• They may also become irrationally angry, blaming and resentful towards you, or the medical and nursing staff, or the world at large.
  • They may be missing relatives and friends who are unable to be with them
  • Fractured, strife-ridden families
  • Secrets that have never been shared
  • Denial – I don’t want to face the truth
  • Fear of upsetting relatives
  • Never been a talker, and don’t want to start now
  • Trusting the right person (a dying person may choose who they want to talk to, and this might not be a relative, trained nurse or doctor).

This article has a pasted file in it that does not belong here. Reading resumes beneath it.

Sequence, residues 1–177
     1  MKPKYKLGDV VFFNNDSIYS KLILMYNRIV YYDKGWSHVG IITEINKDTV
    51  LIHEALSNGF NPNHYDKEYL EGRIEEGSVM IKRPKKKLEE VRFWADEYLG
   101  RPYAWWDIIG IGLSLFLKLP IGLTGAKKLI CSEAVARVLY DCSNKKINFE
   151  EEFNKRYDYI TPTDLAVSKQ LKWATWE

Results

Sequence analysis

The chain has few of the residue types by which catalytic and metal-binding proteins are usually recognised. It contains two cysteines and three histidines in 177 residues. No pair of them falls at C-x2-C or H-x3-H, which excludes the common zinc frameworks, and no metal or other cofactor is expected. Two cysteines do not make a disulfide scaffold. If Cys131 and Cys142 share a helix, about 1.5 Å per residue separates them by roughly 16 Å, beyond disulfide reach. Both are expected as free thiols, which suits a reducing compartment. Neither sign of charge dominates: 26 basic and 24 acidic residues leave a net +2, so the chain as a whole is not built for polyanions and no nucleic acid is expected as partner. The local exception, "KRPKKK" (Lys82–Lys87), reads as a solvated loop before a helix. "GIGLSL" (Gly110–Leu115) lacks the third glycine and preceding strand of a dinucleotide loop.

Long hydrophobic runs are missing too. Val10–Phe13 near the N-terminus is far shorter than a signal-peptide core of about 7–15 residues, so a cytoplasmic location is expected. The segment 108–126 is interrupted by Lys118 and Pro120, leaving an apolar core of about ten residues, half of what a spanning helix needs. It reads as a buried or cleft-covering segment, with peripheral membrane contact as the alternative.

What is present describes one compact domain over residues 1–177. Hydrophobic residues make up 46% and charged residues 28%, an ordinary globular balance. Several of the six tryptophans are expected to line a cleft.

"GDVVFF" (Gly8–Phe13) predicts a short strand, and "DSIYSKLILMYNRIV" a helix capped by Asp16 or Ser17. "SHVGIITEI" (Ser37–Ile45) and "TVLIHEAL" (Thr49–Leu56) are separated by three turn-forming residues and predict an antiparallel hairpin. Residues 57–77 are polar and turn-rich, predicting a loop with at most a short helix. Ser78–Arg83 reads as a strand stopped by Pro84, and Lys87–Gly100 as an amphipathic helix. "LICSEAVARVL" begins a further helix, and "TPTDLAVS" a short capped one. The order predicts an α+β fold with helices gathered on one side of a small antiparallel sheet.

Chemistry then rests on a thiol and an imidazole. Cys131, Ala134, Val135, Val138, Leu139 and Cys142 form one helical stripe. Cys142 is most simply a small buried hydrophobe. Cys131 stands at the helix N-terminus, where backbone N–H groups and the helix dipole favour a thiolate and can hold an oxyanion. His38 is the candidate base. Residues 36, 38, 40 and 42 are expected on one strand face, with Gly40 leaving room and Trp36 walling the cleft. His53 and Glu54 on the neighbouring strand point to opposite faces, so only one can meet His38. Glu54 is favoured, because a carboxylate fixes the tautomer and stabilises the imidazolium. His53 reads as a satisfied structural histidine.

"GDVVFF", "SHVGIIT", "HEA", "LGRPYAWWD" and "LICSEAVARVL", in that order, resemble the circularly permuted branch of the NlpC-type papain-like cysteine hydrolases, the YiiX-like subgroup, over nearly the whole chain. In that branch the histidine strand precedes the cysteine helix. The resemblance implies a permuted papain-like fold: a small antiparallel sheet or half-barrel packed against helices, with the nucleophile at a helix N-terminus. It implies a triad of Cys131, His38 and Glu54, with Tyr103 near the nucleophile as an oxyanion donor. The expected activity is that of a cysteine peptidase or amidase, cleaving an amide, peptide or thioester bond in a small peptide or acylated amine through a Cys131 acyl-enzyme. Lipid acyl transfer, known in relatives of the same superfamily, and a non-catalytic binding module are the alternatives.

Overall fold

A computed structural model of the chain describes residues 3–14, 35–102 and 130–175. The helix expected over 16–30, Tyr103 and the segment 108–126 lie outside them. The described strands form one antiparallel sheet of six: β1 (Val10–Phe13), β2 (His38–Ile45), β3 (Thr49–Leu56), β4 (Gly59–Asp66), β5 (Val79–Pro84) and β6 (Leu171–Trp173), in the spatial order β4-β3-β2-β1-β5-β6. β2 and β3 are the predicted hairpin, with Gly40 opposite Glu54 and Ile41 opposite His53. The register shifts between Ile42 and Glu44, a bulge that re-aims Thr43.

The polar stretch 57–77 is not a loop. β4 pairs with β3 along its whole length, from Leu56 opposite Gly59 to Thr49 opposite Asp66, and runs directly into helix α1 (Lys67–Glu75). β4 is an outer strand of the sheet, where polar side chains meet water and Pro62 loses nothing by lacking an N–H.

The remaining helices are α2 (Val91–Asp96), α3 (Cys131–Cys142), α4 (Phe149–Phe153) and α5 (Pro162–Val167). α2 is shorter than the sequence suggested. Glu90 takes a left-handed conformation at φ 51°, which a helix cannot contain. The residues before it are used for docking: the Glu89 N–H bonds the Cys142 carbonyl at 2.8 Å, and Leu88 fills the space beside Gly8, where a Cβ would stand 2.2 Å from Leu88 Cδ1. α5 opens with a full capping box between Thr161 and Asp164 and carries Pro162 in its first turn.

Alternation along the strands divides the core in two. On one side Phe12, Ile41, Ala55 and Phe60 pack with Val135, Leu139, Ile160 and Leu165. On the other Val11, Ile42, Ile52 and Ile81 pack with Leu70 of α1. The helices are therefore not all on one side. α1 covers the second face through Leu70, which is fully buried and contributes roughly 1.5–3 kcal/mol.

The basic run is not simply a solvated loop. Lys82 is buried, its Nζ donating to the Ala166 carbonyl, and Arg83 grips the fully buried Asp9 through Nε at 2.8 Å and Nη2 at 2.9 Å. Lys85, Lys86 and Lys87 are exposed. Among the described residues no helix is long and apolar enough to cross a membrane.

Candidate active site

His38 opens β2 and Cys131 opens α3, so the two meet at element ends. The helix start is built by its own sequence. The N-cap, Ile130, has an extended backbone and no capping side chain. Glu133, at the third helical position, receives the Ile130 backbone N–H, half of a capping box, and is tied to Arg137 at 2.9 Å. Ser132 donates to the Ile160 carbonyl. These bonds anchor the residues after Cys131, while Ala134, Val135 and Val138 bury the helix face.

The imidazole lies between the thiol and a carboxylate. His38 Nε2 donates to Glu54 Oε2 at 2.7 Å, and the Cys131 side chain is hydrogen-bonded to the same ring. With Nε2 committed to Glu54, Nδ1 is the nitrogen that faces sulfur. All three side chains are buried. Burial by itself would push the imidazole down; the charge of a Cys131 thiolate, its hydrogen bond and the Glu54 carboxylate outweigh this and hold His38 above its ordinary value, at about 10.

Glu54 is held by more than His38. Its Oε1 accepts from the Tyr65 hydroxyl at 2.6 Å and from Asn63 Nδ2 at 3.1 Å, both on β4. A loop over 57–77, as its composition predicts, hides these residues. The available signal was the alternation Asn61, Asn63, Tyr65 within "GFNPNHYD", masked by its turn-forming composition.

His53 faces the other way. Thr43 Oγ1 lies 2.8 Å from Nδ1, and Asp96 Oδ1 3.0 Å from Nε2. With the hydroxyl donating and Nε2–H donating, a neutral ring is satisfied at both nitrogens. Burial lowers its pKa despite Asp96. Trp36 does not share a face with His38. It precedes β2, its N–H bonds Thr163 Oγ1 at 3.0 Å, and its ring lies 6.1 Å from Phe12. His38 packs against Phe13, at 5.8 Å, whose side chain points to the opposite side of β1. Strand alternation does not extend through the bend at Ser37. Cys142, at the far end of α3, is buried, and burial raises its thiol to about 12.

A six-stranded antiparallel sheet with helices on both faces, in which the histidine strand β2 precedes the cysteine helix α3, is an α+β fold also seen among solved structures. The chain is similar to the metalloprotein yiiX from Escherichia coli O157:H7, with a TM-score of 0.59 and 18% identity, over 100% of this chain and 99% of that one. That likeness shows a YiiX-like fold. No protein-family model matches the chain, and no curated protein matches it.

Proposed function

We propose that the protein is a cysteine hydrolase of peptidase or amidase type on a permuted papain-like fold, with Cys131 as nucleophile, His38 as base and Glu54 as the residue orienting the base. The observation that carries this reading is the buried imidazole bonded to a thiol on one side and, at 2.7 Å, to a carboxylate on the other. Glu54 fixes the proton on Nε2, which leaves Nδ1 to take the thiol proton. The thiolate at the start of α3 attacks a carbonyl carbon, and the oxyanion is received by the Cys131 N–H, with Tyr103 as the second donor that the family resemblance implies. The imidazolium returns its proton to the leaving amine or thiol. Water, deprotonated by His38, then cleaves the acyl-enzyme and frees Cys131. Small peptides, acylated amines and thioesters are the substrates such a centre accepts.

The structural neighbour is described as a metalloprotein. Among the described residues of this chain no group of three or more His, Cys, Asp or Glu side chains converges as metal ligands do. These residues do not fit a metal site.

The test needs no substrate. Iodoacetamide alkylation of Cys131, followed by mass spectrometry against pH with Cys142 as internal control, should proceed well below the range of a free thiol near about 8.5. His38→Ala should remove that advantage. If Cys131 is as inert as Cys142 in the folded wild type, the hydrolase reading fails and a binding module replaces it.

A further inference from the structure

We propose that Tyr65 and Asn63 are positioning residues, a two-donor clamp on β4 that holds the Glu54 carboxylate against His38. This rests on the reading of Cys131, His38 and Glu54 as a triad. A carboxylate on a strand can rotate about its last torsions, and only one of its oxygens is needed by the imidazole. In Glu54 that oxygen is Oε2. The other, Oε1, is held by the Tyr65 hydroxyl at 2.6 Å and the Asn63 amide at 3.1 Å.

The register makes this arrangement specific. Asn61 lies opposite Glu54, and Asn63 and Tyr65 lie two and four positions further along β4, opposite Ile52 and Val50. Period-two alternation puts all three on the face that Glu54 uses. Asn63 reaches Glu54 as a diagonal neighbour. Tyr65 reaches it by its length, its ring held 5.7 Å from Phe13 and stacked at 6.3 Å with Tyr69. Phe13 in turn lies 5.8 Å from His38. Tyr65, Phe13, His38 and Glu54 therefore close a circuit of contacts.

The most important thing is not to push anyone into talking if they don’t want to. Just make sure they know you are willing to listen if and when the time is right.

Saying goodbye

Of course, dying people need appropriate physical pain control. But they also have what might be termed ‘soul needs’ – to feel heard, cared for, connected and emotionally safe. Dying people want to be understood and accepted like anyone else. Some people are fortunate in being able to approach their dying process at peace with themselves and with those they love. But that’s not always the case. People can be frightened, confused, unable to express what they’re feeling or what they need.

  • They may be afraid to die
  • They may feel they’re a burden to their friends, family or society
  • They may be raging at the thought of being cheated of life
  • They may feel lost and alone, and desperate for someone to ask how they truly feel
  • They may feel angry and let down by their god.